Adblocker Crystal picks up where Peace left off, but with a twist

Adblocker Crystal picks up where Peace left off, but with a twist

No one really likes ads — and most people can’t stand the noisy, flashy, blinky, autoplay kind that give online advertising a bad name. But, like it or not, ads go a long way to support online publishers and others whose hard work people enjoy free of charge.

No one has figured out a totally fair way to universally let some (non-offensive) ads play and banish other (obnoxious) ones. Nowhere was that more evident than with the agonizing decision by Marco Arment — developer of Peace — who had such a complete change of heart about what his successful iOS 9 adblocker was all about, that he pulled it off the market within days of its release.

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It doesn’t come as a great shock that another app, the 99-cent Crystal, rose to the top of the adblocking heap in Peace’s wake. What is somewhat shocking is not that Crystal has variable standards for which apps are hidden and viewed, but that its standards are based on cash payments.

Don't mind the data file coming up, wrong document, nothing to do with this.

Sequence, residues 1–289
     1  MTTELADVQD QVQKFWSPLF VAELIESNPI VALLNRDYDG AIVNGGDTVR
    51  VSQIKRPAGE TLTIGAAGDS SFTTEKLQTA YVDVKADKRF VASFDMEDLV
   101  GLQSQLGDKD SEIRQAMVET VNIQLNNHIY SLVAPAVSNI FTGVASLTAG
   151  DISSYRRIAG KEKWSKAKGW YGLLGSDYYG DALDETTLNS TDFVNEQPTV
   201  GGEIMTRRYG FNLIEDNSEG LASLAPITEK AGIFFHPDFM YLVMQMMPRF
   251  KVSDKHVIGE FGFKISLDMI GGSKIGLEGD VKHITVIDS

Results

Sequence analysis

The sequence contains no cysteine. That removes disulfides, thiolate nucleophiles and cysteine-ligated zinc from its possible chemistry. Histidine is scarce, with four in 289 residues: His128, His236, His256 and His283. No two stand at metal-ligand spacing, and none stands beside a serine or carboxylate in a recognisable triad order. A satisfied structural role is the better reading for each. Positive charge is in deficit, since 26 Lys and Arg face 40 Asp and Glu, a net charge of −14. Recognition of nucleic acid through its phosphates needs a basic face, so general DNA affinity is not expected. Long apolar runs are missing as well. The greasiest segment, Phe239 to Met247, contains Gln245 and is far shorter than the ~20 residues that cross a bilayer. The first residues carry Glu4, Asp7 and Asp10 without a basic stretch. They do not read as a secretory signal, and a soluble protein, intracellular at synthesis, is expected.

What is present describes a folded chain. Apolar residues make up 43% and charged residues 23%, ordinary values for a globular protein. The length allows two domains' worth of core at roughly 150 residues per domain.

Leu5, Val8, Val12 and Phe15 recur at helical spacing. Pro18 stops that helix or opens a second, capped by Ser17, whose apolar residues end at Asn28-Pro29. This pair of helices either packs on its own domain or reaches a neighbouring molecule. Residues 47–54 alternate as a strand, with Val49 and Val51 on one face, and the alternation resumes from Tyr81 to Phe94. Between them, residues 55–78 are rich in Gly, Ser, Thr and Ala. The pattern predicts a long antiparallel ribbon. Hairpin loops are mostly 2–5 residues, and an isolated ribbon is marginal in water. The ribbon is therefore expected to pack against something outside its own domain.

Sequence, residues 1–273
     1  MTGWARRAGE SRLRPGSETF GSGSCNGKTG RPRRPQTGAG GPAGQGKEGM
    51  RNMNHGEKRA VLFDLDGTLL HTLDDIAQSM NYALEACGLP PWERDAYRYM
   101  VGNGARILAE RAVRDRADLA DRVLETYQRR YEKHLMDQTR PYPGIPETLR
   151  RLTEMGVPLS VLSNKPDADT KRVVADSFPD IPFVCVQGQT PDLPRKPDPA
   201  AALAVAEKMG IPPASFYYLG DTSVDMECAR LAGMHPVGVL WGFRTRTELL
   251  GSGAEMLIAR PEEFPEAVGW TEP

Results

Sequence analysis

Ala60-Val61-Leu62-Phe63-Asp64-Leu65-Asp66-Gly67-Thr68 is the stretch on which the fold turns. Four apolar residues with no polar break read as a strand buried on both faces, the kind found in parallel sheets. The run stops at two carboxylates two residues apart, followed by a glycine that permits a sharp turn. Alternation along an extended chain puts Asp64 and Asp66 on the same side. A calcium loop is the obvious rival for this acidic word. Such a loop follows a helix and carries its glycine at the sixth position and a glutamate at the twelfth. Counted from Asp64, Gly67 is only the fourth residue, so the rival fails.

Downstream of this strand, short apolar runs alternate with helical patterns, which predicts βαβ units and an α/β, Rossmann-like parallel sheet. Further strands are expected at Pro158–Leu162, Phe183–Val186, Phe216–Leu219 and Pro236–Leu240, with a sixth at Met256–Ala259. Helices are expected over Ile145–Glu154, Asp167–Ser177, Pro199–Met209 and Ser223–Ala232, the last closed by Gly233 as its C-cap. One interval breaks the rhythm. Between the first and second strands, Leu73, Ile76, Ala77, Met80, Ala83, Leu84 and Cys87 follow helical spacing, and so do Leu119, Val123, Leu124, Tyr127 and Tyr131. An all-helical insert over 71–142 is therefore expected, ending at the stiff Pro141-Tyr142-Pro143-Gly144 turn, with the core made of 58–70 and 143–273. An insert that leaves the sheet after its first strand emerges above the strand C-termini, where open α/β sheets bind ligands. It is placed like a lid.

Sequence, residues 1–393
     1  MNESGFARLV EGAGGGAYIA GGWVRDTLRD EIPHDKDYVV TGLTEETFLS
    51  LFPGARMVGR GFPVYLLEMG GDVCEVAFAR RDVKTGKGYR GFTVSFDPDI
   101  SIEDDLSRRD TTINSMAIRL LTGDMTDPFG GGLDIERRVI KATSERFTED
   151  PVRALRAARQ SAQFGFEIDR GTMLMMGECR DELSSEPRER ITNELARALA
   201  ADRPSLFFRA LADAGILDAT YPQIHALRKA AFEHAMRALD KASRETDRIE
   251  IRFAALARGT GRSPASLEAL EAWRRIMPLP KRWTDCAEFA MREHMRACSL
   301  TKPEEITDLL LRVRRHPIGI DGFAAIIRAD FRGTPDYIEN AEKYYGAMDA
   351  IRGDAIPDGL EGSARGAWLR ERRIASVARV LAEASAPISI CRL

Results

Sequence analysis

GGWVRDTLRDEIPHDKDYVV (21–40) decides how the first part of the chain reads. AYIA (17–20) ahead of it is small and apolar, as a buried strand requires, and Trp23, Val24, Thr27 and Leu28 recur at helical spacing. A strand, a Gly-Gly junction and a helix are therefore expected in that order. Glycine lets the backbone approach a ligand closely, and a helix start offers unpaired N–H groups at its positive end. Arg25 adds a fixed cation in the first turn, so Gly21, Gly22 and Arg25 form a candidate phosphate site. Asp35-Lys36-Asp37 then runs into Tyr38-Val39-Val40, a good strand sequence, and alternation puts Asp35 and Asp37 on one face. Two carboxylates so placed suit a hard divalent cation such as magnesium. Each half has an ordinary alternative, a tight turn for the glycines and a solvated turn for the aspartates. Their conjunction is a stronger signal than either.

According to the Wall Street Journal [pay wall], Crystal has entered into a pact to let some companies’ ads pass through its filters and stay live by default. Developer Dean Murphy told the paper that he plans to accept payments from Eyeo GmbH, makers of desktop browser extension Adblock Plus, to let “acceptable ads” from about 70 companies appear.

Those companies pay Eyeo, and Eyeo pays Murphy a monthly fee. There is no direct contact between the companies and Crystal.

Murphy said that he wants to enable support for publishers, most of whom are dependent on ads for income, and who take an understandably dim view of the whole adblocking enterprise.

Murphy has written a blog post clarifying how his app will work. In it, he states the following:

In my first update (6-10 weeks time?) there will be two new features. A user managed whitelist, where you the user can specify a list of domains that you would like to support and an option to enable/disable Acceptable Ads on the websites you visit. You are totally free to use all/any/none of these features as you see fit.

➀ Apple Propels an Ad-Blocking Cottage Industry [Wall Street Journal]

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